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NEWS | July 28, 2022

Lessons Learned at JRTC Will Last a Lifetime, National Guard Chief Says

By Sgt. 1st Class Zach Sheely, National Guard Bureau

FORT POLK, La. – In oppressive heat with humidity thicker than a wool blanket, Army National Guard Soldiers are training to build combat readiness and capacity.

The theme at the Joint Training Readiness Center is to provide tough, realistic training so Soldiers experience their worst days here rather than in a combat theater.

JRTC is considered a premier combat training center, and thousands of Army, Army National Guard and Army Reserve Soldiers rotate through every year to gain valuable training time in “the box” fighting a notional – but capable – opposing enemy force.

The lessons Soldiers learn here will last a lifetime, Army Gen. Daniel Hokanson, chief of the National Guard Bureau, said during a visit July 26 with some of the nearly 4,500 Guard Soldiers led by the California National Guard’s 79th Infantry Brigade Combat Team on JRTC rotation.

“It never ceases to amaze me all that our Guardsmen do,” Hokanson said. “They’ve been fighting COVID, supporting civil unrest and disaster response missions, and now they’re at JRTC in an extremely challenging environment. One of the great things the trainers said is that they listen, are coachable and are getting better and better.”

Hokanson cited the enduring impact of his experience as a company commander at the National Training Center on Fort Irwin, California, and said every Soldier should experience a combat training center rotation.

“It’s a simulated 14-day war where you are focused solely on doing your job and taking care of the Soldier to your left and right,” he said. “They put you against the latest threat model and challenges, with a real opposing force that is going to try everything they can to win just like you are. I think it’s important for everybody to be tested like that.”

According to the JRTC website, JRTC and Fort Polk train BCTs and security force assistance brigades to conduct large-scale operations on a decisive action battlefield against a near-peer threat with multi-domain capabilities. Fort Polk enables units to increase readiness to support globally deployable missions.

While the battlefield is tilted largely in favor of the home team – a permanent party of opposing-force Soldiers augmented by rifle and engineer companies and an artillery battery that wreaks havoc on the rotational force day and night – Guard Soldiers hold their own and the experience and cohesion they gain is invaluable, Hokanson said.

During a CTC rotation, Soldiers execute troop leading procedures, maneuver operations, sustainment and resupply, thorough rehearsals, and force-on-force and live-fire exercises.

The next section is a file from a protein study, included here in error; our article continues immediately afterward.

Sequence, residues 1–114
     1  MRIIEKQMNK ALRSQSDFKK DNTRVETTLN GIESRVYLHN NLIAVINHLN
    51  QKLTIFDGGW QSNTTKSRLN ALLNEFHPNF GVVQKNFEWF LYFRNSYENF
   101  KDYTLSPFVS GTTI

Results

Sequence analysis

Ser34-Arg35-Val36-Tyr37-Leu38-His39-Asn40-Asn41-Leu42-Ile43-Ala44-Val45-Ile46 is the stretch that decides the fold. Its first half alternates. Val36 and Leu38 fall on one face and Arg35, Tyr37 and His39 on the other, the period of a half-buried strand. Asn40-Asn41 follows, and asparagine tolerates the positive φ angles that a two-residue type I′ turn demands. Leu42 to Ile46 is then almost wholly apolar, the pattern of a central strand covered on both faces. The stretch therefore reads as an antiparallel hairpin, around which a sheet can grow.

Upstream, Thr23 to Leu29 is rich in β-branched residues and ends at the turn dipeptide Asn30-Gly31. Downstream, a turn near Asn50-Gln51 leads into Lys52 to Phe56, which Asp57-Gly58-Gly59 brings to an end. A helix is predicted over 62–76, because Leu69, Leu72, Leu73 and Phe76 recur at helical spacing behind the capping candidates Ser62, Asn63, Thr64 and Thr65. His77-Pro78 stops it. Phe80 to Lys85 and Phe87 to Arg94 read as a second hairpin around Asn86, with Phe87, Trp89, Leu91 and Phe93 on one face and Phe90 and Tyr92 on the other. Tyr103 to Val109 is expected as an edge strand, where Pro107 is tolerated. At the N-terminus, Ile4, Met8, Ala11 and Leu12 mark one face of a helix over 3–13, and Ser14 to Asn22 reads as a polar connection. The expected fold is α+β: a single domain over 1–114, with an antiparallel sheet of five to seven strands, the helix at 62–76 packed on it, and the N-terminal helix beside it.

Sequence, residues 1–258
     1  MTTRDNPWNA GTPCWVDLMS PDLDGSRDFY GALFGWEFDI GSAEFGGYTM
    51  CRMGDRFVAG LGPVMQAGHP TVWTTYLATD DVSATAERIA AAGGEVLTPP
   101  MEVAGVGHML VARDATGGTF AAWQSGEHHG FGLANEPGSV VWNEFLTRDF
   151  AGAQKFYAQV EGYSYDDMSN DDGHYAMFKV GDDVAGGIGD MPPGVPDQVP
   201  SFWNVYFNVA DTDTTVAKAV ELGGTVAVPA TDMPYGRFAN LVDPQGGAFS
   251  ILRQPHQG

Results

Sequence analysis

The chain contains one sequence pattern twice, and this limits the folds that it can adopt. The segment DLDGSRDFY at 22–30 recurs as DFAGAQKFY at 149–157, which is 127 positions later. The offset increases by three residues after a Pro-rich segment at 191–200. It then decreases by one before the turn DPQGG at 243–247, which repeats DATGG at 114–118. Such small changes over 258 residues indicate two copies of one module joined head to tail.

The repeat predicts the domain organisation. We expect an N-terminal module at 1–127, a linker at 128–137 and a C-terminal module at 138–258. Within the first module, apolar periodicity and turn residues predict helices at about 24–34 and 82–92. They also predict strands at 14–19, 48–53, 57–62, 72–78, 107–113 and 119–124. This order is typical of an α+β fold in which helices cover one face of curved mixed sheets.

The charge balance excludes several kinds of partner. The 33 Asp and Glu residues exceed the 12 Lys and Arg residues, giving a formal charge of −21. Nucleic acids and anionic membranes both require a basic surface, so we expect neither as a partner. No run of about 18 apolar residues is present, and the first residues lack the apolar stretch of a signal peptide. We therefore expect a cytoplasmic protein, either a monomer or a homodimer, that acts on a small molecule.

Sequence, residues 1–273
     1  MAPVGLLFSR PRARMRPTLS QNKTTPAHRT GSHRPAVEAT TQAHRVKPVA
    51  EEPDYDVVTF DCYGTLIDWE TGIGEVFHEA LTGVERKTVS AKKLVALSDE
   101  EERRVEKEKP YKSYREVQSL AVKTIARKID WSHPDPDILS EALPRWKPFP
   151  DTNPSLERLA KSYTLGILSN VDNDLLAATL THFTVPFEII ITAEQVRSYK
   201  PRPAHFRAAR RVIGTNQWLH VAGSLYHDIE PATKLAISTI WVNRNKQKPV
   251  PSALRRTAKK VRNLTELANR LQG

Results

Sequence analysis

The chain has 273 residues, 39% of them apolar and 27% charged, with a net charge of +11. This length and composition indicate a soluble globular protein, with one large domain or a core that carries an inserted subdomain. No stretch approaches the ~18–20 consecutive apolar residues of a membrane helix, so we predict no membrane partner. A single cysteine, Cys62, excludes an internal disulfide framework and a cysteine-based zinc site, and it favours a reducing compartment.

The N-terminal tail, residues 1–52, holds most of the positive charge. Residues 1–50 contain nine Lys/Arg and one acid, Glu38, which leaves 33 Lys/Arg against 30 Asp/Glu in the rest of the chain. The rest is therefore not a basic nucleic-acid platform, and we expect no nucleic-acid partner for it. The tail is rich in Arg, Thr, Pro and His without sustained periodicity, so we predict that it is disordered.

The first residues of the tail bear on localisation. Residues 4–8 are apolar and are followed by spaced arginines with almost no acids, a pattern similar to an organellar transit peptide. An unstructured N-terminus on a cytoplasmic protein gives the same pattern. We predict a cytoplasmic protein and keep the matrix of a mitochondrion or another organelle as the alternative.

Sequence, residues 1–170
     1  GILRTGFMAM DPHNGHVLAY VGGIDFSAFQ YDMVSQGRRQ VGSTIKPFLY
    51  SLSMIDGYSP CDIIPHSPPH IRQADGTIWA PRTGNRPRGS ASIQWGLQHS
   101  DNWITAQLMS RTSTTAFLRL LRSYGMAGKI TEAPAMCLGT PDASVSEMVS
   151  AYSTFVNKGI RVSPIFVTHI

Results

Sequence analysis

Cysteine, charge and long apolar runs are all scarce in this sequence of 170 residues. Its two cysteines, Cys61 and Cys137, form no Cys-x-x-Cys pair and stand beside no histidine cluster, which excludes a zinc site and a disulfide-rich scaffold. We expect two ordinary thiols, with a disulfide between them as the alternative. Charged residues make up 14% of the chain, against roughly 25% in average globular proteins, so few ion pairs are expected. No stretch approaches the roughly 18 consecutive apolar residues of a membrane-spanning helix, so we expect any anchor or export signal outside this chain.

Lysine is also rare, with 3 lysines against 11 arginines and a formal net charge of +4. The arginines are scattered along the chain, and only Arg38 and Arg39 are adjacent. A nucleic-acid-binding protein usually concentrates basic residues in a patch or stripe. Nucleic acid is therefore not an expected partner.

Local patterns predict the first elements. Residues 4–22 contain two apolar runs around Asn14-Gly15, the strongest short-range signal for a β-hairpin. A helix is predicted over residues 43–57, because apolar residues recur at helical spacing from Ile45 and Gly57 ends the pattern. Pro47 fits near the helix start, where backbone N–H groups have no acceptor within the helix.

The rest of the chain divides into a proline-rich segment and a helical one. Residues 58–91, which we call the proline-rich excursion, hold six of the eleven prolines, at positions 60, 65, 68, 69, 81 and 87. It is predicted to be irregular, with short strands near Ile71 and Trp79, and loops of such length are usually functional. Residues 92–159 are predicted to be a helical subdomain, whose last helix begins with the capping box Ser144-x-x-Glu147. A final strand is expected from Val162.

Army Capt. John Massey, the JRTC operations group rotational maneuver planner, said a CTC rotation is a culminating event that units prepare years in advance to complete.

“Here, units have an opportunity to exercise in real-time all of the training they’ve been building on for 18-24 months,” Massey said. “They’re tested in collective training at all levels of a brigade under a division construct. Each battalion has their own objective to fight and destroy. It’s the ultimate training event test.”

Units are authorized to bring an extensive array of weaponry to JRTC, including M109 155mm Paladin artillery systems and M777 howitzers, down to smaller arms like mortars, machine guns and individual rifles. The California Guard executed one of its largest rail movements ever, moving more than 1,000 pieces of equipment to JRTC to support this rotation.

As part of the 79th IBCT rotation, National Guard Soldiers from 21 states are here to support the brigade and participate in the training.

Soldiers with the Mississippi Guard’s 1st Battalion, 204th Air Defense Artillery Regiment, are providing air defense artillery support with Avenger air defense systems. This system provides mobile, short-range air defense protection for ground units against helicopters, unmanned aerial vehicles, fixed-wing aircraft, and cruise missiles. Massey said units have recently started incorporating air defense and counter-UAS pieces into their rotations.

Aviation, engineer, support and cavalry units also have a crucial role in the simulated battle, just as they would in combat.

Sgt. 1st Class Clifford Skinner, the acting operations sergeant major with Headquarters and Headquarters Troop, 18th Cavalry Regiment, California National Guard, said he has seen rapid adaptability in the Soldiers in his unit during their rotation.

“We’re maneuvering quite well, given the terrain and conditions,” Skinner said. “It’s our first time in any environment like this. The fact that we’ve hit the ground running to move, find the enemy and exploit their weaknesses is working out well for us.”

Senior Enlisted Advisor Tony Whitehead, the CNGB SEA, accompanied Hokanson on the visit and noted high enthusiasm, despite the many challenges.

“To see our Soldiers out in the field, getting after it is inspiring,” Whitehead said. “They’re motivated and working hard. Leaders at every level are getting a chance to lead. They’re smiling ear-to-ear because they’re doing what they signed up to do.”



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